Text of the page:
Friday, December 28, 2012

Favorite Reads of 2012

So here they are. My top 10 favorite reads of 2012. This year's surprise? The YA outnumber the MG. That's never happened before. And only one of my choices was published before 2012.

Links are to my reviews:
Above World by Jenn Reese
The Broken Lands by Kate Milford
Code Name Verity by Elizabeth Wein
The Crown of Embers by Rae Carson
The Drowned Vault by N.D. Wilson
Flipped by Wendelin Van Draanen
Graffiti Moon by Cath Crowley
Peaceweaver by Rebecca Barnhouse
Quicksilver by R.J. Anderson*
Seraphina by Rachel Hartman 

Your turn. Let me know your favorites too!

Stay tuned to see my most anticipated of 2013 list on Tuesday. Then it will be back to reviews as usual on Thursday beginning with Navigating Early by Clare Vanderpool.

*My review of this one won't publish until closer to the release date in March. Just let me say that it is excellent in every way and you should go and pre-order it right now.

Tuesday, December 25, 2012

Les Miserable as a Movie: My Thoughts

I just returned from seeing the Les Miserable movie and I am so hyped up. I need to share my thoughts with EVERYONE. I have, of course, gone over all this with my beloved baby sister, who shares my love for this story and the music. I will not be able to sleep tonight until I get all the thoughts out of my head though. So internet, thanks for being here to receive them.

My history with Les Miserable (just for background, feel free to skip): I have a long one. I have loved musicals since being introduced to Annie as a preschooler. I saw my first staged production at age 7 (it was The Sound of Music). By the time I was 11 I had seen Fiddler on the Roof, Cats, Brigadoon, and Starlight Express-all performed in London's West End. But I wasn't a serious connoisseur of musicals until high school.  It began as a flirtation with The Phantom of the Opera (which I soon realized was ridiculous) and quickly moved to Les Miserables. I had the Original London Cast recording on cassette originally and eventually snapped it from playing it so much. My junior year of high school the 10th Anniversary edition became available, which became (and still is) my go to version of the musical. My sister, in her young wisdom, asked for the full International recording for something and got it. Between us we cobbled together an epic full version from all three recordings. We were dedicated. I saw it on Broadway for the first time when I was 18, but I knew every note and word of it long before I got there. I have seen it performed three times since then by National Tours. I still listen to it in its entirety at least twice a month. Musicals are big part of my life. I love Wicked, adore Chess, am moved beyond belief at Miss Saigon., and have a great appreciation for anything Sondheim. I look forward to the Tony Awards every year with an excitement most people feel for the Super Bowl. But through all of these years Les Miserables has remained my absolute favorite.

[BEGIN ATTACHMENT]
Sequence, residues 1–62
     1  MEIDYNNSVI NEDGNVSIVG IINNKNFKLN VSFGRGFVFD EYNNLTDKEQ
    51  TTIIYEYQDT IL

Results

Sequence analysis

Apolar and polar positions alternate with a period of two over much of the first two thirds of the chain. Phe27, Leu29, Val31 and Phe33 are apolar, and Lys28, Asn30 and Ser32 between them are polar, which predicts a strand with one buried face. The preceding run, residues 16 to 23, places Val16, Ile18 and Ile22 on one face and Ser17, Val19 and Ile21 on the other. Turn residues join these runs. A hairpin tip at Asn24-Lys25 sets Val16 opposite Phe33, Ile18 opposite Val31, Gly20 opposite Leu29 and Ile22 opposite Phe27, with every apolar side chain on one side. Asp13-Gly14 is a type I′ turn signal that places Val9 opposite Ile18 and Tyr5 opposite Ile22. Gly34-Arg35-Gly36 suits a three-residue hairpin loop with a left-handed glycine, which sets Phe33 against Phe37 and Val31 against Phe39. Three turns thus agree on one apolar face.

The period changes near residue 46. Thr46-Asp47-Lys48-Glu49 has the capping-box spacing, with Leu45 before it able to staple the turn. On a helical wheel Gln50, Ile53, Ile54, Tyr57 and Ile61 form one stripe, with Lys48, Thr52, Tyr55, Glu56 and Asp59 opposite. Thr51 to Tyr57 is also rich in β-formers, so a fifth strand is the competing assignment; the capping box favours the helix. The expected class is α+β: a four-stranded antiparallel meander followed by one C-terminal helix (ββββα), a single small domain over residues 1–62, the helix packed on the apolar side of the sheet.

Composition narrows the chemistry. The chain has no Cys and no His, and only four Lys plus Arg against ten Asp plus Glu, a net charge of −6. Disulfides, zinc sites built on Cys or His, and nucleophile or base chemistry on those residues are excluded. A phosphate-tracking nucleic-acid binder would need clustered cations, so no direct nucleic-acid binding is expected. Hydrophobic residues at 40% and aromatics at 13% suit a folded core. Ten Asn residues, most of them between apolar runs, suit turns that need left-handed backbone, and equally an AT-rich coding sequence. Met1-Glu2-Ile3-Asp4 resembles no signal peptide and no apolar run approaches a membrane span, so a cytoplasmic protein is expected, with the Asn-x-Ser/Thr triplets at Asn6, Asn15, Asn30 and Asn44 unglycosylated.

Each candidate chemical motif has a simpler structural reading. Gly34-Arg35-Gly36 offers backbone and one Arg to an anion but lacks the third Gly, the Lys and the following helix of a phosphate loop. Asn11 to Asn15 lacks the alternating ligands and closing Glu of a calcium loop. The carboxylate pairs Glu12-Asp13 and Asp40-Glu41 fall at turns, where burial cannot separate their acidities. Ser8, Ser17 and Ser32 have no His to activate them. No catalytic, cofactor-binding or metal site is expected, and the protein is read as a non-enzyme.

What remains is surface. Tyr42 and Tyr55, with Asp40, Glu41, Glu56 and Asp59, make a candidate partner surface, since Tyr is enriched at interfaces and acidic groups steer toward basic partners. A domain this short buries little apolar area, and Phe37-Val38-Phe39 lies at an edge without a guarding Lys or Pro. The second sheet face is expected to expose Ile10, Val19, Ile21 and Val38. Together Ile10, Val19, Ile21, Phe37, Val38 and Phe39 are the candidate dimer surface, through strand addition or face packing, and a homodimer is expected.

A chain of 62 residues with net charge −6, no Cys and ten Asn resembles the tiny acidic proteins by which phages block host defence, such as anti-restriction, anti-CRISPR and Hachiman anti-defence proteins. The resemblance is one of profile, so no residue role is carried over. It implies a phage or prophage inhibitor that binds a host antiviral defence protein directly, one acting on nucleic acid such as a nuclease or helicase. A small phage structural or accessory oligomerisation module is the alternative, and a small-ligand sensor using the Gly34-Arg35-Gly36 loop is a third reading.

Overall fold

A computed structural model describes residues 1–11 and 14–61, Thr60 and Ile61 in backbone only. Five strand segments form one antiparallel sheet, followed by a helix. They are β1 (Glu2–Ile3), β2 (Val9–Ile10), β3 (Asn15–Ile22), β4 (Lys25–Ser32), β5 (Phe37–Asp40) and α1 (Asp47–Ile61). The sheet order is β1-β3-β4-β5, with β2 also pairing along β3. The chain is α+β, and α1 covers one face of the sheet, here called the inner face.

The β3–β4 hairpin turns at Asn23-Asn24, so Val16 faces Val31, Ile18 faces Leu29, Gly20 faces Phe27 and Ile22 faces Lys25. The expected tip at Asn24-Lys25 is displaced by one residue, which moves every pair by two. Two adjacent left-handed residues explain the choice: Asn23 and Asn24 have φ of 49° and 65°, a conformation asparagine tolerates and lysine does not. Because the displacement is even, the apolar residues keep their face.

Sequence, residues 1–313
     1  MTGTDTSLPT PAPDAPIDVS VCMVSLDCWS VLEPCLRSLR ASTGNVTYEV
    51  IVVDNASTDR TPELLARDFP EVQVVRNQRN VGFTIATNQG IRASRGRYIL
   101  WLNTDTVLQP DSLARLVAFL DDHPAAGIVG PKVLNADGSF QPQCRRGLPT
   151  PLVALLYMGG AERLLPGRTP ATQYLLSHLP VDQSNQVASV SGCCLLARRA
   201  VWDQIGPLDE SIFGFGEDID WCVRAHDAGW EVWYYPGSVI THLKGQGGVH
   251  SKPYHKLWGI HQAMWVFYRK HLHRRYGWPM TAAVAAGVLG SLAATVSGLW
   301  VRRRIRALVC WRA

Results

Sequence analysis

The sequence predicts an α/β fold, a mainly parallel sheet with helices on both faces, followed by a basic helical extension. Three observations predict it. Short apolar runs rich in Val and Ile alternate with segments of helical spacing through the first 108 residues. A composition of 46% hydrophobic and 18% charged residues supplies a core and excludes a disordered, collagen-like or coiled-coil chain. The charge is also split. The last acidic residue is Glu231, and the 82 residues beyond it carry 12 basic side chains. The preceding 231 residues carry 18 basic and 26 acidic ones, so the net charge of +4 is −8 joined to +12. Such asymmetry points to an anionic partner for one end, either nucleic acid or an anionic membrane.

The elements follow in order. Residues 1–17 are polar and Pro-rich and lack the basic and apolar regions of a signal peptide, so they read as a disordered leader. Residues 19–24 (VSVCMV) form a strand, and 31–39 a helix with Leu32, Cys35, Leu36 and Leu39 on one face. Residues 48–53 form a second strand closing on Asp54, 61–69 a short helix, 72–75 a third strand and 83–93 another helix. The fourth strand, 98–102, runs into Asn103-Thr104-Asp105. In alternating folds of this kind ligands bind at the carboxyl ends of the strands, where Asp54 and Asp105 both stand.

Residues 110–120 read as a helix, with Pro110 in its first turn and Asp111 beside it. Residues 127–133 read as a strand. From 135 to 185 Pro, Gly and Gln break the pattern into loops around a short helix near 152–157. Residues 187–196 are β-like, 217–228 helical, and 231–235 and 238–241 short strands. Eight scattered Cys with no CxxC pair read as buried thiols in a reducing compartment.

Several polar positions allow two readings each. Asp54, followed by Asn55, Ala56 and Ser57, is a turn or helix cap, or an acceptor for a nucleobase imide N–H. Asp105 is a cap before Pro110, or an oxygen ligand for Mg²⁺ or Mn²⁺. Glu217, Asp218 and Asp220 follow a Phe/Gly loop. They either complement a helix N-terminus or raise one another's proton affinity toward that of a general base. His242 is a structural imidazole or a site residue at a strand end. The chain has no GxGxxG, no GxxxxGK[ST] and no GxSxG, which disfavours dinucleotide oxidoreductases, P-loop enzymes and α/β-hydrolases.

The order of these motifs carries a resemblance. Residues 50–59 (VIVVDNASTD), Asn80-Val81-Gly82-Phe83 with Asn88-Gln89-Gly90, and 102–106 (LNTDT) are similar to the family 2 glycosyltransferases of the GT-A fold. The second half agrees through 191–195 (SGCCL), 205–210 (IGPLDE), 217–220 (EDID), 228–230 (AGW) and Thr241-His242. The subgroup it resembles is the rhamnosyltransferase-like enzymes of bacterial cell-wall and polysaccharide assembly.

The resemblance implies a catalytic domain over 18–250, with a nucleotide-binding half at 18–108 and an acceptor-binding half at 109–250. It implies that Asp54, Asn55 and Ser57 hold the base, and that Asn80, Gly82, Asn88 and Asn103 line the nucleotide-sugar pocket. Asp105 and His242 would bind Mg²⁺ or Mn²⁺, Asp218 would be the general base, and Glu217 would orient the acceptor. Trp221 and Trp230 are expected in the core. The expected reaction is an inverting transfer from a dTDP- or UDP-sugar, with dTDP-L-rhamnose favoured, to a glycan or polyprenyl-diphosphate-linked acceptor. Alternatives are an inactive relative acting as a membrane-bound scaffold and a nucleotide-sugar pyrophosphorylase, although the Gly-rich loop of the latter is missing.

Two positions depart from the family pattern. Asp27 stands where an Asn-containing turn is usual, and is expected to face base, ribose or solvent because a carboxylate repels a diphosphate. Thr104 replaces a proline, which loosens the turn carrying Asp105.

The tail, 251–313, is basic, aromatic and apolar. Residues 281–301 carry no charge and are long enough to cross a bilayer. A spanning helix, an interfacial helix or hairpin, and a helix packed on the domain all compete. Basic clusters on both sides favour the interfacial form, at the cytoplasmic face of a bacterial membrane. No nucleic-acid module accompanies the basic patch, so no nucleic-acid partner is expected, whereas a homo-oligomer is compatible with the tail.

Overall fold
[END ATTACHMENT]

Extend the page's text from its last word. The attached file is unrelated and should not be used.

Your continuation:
The point to all that is to tell you that I know this musical. Very well. It is imprinted on my heart. And I'm not going to lie, I was a little concerned about it being turned into a movie.

My verdict: They did a fantastic job. I teared up several times and bawled like a baby three. That's pretty amazing considering I knew every word-or almost-that was being sung.

Spoiler Alert! If you don't know anything about Les Mis and don't wish to be spoiled for the movie stop reading. If you know the play and don't want to know what they changed stop reading.

My thoughts: 
Hugh Jackman was phenomenal.

Russell Crowe was not. Although he didn't ruin it for me, and I was worried he would if his performance was awful. It wasn't awful, but it wasn't great either. It was very rote, with little emotion and he sung his part with a sort of rock star vibe that doesn't fit Javert at all.

I love that they cast Colm Wilkinson to play the Bishop. That was just lovely. (For those who don't know-he was the original Valjean in both London and New York.)

"Lovely Ladies" is gritty and harsh. What they can mask easier on a stage is more in your face on the screen. It made what followed all the more powerful. Which brings me to...

Anne Hathaway made me cry when she sang "I Dreamed a Dream" (bawling instance #1) and I have NEVER cried during that song before.

As evidenced by the previous two comments: They changed the order of several songs, and each time they did it made sense and flowed beautifully.
Helena Bonham Carter and Sacha Baron Cohen were brilliant as the Thenardiers. I knew they would be. Best. Casting. Ever.

The original song was  unnecessary and sappy, made even more so by the fact that they...


Amanda Seyfried sang Cosette's part beautifully, but with little personality. Probably because Cosette just doesn't have one.

Samantha Barks was an amazing antithesis to this, bringing to Eponine all the heart, courage, and tragedy that one could hope for. She made me want to shout louder than ever during "In My Life", "Hey Marius, you idiot! Turn around and look at the girl behind you. She's the awesome one!"